Legacy Registered User
City
Phoenix
State
AZ
#13
So your concern is more for the external corrosion rather than the internal corrosion from the E85?

Sent from my SM-G920V
 

AJM81CJ8

Door Breaker
City
Kalamazoo
State
MI
#14
Both, kind of. The concern I have on the internal side would be E-85 and any air that might get into the lines. I guess without a real world test it would be hard saying what would happen in the long run. As far as external corrosion, I'm probably a little too cautious, as I don't drive my Jeep in the winter, so salt exposure is kept to a minimum.
 

cbford

Legacy Registered User
City
CLT
State
NC
#15
This answers a lot of the questions raised.
http://www.nmma.org/lib/docs/nmma/gr/environmental/E20_Position_Paper.doc

Basically, it is not the ethanol; it is the water that the ethanol holds in the fuel that causes oxidation changes, builds static electricity and is general trouble for filters.
If you want to use hose; it doesn't necessarily have to be PTFE lined. SAE 30r9 rated hose is available from several places. It is flouroelastomer lined to work same way and is cheaper. SAE 30r10 rating is for submerged hose applications like in tank.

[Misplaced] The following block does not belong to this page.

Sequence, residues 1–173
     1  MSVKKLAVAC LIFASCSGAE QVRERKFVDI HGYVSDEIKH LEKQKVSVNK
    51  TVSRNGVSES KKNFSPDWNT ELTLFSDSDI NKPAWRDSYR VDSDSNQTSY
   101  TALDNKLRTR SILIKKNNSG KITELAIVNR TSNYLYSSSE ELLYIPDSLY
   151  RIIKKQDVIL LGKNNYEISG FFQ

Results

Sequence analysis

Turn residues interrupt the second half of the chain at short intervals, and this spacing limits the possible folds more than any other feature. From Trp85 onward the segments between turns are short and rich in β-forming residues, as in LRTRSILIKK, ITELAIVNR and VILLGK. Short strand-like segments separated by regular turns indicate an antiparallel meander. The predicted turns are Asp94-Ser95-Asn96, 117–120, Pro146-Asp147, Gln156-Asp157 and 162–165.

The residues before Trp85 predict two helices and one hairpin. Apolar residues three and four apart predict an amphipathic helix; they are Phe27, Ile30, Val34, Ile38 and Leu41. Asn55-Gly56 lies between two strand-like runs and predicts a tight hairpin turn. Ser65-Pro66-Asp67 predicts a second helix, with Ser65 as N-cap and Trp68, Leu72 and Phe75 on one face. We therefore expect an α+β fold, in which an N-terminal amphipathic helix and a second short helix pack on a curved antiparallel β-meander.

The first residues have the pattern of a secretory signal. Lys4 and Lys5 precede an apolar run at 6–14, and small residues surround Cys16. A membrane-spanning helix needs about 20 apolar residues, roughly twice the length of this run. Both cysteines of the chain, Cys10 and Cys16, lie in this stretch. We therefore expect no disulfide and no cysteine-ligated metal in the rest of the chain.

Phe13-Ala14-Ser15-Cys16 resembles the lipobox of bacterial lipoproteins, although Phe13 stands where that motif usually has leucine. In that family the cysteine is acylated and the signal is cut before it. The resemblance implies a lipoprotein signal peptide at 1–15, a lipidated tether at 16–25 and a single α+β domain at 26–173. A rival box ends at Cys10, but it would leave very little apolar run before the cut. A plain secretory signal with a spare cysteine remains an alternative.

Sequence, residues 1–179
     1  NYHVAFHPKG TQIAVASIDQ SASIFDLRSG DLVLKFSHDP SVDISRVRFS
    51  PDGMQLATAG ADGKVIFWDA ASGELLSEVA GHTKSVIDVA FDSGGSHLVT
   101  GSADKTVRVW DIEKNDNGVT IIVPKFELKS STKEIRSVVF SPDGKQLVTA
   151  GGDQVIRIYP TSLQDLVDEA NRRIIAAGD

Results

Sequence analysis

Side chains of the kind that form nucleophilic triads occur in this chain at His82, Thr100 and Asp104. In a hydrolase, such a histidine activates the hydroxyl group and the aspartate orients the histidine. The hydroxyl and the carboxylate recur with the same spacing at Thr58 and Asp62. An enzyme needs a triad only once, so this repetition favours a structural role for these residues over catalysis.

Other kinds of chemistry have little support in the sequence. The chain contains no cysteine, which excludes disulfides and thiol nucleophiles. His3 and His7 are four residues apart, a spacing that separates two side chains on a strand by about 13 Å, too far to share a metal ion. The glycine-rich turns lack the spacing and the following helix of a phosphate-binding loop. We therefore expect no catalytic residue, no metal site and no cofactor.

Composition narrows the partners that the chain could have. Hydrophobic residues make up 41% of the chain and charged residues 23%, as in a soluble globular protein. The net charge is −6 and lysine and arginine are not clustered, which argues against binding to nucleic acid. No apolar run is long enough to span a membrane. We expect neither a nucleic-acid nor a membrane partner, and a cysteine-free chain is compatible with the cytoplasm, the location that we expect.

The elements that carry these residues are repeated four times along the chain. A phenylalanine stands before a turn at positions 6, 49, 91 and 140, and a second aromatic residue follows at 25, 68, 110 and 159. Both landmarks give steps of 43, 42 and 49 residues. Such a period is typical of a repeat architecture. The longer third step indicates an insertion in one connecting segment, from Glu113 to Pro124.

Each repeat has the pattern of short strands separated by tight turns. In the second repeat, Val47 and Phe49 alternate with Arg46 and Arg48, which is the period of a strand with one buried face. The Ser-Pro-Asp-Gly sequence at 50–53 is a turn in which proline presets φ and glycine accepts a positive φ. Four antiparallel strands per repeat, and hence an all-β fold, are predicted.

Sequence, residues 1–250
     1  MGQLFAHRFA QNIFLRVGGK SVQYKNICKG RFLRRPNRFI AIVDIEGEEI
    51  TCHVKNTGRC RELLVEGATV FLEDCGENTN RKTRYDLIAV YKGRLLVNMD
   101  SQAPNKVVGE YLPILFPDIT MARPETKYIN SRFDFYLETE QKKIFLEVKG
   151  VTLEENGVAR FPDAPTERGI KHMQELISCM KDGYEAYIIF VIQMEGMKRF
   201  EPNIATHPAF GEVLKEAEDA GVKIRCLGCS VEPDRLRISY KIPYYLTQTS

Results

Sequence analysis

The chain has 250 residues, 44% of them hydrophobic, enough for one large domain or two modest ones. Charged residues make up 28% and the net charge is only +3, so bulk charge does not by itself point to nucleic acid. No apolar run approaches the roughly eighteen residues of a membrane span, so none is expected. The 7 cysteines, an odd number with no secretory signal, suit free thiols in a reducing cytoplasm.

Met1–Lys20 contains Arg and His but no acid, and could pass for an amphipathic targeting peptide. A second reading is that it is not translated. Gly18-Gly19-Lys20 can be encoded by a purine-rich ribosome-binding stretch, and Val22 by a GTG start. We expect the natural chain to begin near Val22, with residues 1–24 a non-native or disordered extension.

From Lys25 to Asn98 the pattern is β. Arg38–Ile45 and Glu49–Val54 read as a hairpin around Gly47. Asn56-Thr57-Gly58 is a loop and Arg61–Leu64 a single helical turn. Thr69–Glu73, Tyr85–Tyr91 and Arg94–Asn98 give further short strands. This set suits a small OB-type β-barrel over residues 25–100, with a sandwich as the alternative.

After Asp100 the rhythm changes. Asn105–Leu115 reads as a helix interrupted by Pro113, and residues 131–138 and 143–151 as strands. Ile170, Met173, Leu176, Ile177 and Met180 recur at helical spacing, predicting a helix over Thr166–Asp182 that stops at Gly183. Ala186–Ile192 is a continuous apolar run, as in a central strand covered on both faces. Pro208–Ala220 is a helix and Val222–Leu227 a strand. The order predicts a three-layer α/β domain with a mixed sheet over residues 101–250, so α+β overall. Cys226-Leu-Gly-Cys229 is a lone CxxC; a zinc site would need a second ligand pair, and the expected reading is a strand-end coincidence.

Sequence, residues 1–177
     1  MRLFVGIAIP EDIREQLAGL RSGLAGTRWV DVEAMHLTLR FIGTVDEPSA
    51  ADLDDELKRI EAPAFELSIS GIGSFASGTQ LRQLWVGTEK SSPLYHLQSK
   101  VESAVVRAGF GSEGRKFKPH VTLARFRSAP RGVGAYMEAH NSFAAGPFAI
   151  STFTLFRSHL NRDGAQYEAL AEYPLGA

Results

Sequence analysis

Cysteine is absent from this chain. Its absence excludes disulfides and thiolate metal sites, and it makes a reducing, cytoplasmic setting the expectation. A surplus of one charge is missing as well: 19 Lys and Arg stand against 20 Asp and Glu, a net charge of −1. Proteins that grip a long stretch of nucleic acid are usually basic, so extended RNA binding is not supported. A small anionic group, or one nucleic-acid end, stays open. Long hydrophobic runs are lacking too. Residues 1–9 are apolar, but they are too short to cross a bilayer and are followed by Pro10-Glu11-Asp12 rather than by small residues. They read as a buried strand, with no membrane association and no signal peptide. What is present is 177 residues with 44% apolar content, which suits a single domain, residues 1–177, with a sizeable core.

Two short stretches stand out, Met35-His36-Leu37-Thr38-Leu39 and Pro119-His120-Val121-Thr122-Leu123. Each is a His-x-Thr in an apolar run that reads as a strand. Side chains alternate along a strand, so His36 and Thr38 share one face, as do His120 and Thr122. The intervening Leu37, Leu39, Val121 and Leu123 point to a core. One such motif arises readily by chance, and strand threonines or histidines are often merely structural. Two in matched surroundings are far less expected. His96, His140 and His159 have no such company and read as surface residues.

I also notice a lot of nylon tubes and fittings on OEM stuff now. When I built my fuel system, I used nylon hose that I wrapped in insulation with nylon snap lock fittings on the ends for connections at tank, filter, fuel rail and regulator.
 

CJ7Pilot

18436572
LIFETIME
CJ-8.com Member
City
Yuba City
State
CA
#16
I'm not a chemist, but I think most corrosion requires exposure to air (oxygen).

Maybe (time permitting) you should parallel this test with a piece of aluminum dipped in E85 every day, then allowed to dry.

After all, sometimes fuel tanks are full... but most of the time they are closer to empty.... ;)
 

Belizeit

CJ-8 Member
CJ-8.com Member
City
River Ridge
State
La
#17
AJM81CJ8 & CJ7Pilot are correct. I grew up on an island right next to a large barrier reef with salt thick in the air and clinging to everything. I was around airplanes and boats a lot. I never saw a piece of metal that didn't rust or corrode. Some starting over night after coming from the States.


Sent from my iPad
 

Spieg

Scrambler Junkie
LIFETIME
CJ-8.com Member
City
Aurora
State
CO
#18
I've continued looking into PTFE lines and my research indicates it is a VERY bad idea to use regular "white" PTFE for fuel (unless you like fire and explosions). Guess I'll suck it up and shell out for the "Black" carbon impregnated PTFE.

Also, I did find some PTFE hose ends made of stainless steel although they are a brand name I've never heard of (probably made in China) and I don't know if I trust that. If anyone can steer me toward a manufacturer they have used and recommend, I'd be grateful.